It has been an interesting start to the year for Europe’s retail banking sector. While PSD2 – Europe’s revised payment services directive – was introduced in January 2018, the region now looks ahead to welcome the General Data Protection Regulation next month.
What remains to be seen is how the newly implemented open banking policy adheres to the expectations of GDPR, which requires business to enhance data safeguards and privacy of EU citizens. This builds a compelling case for Frederik Mennes, senior manager market and security strategy, security competence centre at Vasco Security, to outline the need for two-factor authentication and other stringent security measures to safeguard user data and allow for a seamless, digitised and modern banking experience.
The US-based security firm works extensively with major banks and financial institutions. With more than 2,000 customers in the banking sector spread across Europe, Asia, North and South America, VASCO Security primarily focuses on validating the authenticity of online banking and related apps. Mennes and his team works on products that validate user identity as well as securing financial transactions.
The debate around user privacy has reached a crescendo in the past month, following the massive data leak of user details by social media behemoth Facebook. Nearly 50 million user profiles of Americans were used, presumably to swing the results of the 2016 US election that witnessed the victory of Donald Trump. Similar reports of social media data being used to influence voters in the UK during Brexit and polls in India have surfaced thereafter. This has prompted questions over the safety and security of personal data by businesses. Mennes believes that data, if used for the right purpose, can open up a plethora of opportunities for businesses world over. Moreover, the upcoming GDPR can greatly help European businesses legitimise the use of data for specific purposes.
“Ultimately, users have the final decision on sharing financial data with companies like Facebook and Google. A user has to provide consent based on GDPR regulations in Europe, and businesses too, have to list out specific reasons for using data of customers,” he said. Mennes suggests that with banks and financial institutions can capitalise on a wealth of user information that can be derived from their social profiles such as providing targeted asset and wealth management options. “If a company like Facebook can begin offering financial services like payments between peers, that would be a game changer.”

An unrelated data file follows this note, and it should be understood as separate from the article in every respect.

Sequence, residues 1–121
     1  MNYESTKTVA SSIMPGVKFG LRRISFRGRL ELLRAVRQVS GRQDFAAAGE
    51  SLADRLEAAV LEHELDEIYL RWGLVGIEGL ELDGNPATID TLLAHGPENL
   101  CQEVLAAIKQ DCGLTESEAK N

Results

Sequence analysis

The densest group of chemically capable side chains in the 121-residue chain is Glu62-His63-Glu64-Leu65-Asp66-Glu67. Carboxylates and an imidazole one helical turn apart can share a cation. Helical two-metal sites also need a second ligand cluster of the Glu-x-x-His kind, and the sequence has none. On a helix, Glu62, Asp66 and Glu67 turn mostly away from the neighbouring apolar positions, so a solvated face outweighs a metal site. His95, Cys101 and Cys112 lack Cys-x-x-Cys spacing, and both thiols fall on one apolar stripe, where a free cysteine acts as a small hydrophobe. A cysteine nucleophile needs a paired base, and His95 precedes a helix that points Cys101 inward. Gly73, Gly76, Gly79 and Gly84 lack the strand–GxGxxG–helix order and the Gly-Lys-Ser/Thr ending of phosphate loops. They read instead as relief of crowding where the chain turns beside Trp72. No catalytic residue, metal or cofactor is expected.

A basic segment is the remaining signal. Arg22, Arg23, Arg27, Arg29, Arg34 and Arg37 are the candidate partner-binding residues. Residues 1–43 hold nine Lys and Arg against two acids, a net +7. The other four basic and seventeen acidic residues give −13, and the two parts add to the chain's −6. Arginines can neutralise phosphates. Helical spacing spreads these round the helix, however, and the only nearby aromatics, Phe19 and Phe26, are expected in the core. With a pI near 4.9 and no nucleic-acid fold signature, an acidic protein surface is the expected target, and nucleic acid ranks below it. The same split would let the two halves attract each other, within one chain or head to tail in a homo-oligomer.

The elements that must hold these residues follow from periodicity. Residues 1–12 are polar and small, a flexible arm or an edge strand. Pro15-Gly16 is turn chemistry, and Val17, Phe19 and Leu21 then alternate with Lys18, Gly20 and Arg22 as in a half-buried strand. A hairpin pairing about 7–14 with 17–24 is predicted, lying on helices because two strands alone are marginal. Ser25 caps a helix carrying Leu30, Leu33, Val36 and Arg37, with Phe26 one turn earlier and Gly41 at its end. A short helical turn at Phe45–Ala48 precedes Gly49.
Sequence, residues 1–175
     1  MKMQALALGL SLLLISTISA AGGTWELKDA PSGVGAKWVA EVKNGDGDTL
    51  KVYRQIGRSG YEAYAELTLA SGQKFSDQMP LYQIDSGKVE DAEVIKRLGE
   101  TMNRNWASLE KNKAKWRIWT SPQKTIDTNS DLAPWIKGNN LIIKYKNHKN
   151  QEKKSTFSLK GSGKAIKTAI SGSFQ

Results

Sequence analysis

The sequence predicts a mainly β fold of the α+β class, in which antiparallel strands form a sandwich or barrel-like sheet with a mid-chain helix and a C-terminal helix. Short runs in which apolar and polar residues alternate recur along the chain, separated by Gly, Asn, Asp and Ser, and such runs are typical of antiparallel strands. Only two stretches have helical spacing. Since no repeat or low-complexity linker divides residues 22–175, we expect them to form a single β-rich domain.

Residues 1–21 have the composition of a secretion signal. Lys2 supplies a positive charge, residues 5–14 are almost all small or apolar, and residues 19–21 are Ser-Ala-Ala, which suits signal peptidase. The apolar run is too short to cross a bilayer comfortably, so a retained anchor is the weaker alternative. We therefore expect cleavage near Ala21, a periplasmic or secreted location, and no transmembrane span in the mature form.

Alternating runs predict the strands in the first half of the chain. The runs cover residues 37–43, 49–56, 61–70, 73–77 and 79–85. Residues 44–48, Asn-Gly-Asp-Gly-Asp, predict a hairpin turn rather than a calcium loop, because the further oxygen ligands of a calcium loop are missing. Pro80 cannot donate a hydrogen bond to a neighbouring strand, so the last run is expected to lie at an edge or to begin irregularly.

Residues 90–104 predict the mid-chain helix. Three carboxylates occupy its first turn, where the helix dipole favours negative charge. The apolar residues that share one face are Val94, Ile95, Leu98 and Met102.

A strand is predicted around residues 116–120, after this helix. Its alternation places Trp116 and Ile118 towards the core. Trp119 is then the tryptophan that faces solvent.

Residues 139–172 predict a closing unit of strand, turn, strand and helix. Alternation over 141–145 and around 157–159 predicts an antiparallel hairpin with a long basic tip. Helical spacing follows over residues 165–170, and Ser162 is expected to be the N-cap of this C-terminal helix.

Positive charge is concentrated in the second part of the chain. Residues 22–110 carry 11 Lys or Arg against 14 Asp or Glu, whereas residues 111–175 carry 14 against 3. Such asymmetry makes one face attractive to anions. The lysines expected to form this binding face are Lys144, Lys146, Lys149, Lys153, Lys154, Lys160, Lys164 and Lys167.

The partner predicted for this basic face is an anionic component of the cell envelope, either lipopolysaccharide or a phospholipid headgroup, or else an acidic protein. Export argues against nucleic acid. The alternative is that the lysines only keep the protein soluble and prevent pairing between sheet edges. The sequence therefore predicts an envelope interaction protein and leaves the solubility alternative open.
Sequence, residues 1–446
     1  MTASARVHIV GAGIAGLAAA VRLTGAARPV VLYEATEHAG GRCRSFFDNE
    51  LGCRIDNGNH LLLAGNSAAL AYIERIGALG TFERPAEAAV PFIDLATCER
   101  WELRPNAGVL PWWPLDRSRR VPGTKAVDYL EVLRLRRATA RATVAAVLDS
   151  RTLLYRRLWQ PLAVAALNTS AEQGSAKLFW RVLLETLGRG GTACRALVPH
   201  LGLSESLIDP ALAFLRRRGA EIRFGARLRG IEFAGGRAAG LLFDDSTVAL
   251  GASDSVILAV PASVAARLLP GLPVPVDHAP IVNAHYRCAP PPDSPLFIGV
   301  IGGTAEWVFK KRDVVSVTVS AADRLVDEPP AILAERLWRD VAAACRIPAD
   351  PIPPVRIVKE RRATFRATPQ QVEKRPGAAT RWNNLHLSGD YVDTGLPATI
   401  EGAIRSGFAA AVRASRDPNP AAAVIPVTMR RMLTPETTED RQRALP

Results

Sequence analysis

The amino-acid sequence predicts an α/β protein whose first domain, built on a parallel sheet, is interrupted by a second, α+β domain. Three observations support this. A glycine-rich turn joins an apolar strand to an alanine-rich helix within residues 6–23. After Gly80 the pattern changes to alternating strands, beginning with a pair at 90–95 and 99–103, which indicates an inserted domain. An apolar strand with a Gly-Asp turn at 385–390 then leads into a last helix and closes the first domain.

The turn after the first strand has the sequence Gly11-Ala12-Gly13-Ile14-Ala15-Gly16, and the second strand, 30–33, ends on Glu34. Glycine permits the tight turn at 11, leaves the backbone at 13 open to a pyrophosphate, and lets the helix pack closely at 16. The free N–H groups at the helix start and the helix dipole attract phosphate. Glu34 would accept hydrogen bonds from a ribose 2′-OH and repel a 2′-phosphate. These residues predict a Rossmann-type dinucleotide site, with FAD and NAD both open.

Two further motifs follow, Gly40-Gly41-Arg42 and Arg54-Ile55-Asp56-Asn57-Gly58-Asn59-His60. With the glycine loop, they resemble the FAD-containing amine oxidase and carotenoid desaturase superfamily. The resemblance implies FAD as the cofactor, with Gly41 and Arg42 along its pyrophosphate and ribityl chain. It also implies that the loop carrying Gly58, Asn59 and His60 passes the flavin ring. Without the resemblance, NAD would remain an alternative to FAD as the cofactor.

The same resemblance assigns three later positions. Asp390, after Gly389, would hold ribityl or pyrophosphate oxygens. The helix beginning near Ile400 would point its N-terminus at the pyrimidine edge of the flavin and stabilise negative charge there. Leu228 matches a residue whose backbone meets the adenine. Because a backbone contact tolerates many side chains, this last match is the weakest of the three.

While the prospect of being able to transact via a widely popular platform like Facebook is exciting, there are concerns over safety and authenticity of transactions too. Mennes says, “I don’t see any negative impact on security through initiation of payments through Facebook or WhatsApp. It is a highly convenient method, especially for today’s users who are well entrenched in social media channels. With PSD2, payments have to be protected through a two-factor authentication, which is a significant step ahead for data security. Compared to earlier, PSD2 marks the advent of payment security, and this could potentially change the way businesses function.”
The success of PSD2 is debatable. While many major UK banks have implemented the directive, others in Poland, Belgium and the Netherlands are contemplating the next course of action. Meanwhile, the French senate is urging for the national implementation of PSD2. In the midst of all this, there is a crucial bridge between trust and technology. Mennes believes that between banks and fintechs, and who might emerge a winner with customers, banks have a distinct advantage. ”Banks can become fintechs themselves by offering financial services such as aggregated bank accounts, two-factor authentication and more. Banks also enjoy a higher level of trust and brand value. This is where I believe PSD2 presents a massive opportunity for banks to step up their game.”
PSD2 facilitates personal financial information to be taken out of the bank and shared with fintechs, but this is subject to GDPR too, meaning the reasons for using data should be specific and definitive. “The way I see it, customers have a lot to gain from PSD2 and GDPR coming into play as they will be given an array of financial services with the caveat of data security and retaining user integrity,” said Mennes.
For a security services provider like VASCO, this means a slew of opportunities in the coming year as banks slowly migrate to open banking, expecting a high level of security and trust. “One of our marquee services is offering two-factor authentication to financial service providers. With PSD2, we are hopeful of helping many businesses develop advanced security protocols and enable the proliferation of open banking.”
About Frederik Mennes:
Frederik heads VASCO’s Security Competence Center, working on the security aspects of VASCO’s products and infrastructure. He is a regular speaker at industry events and conferences about security technology, and a contributor to the Initiative for Open Authentication (OATH). Besides his role at VASCO, Frederik has supported the Information Security Group (ISG) at Royal Holloway, University of London in various educational roles. He earned an MBA from Vlerick Business School (Belgium), an M.Sc. in Information Security from Royal Holloway, University of London, and an M.Sc. in Computer Science Engineering from KU Leuven, Belgium. When not in the office, you will probably find him climbing a mountain or playing the piano.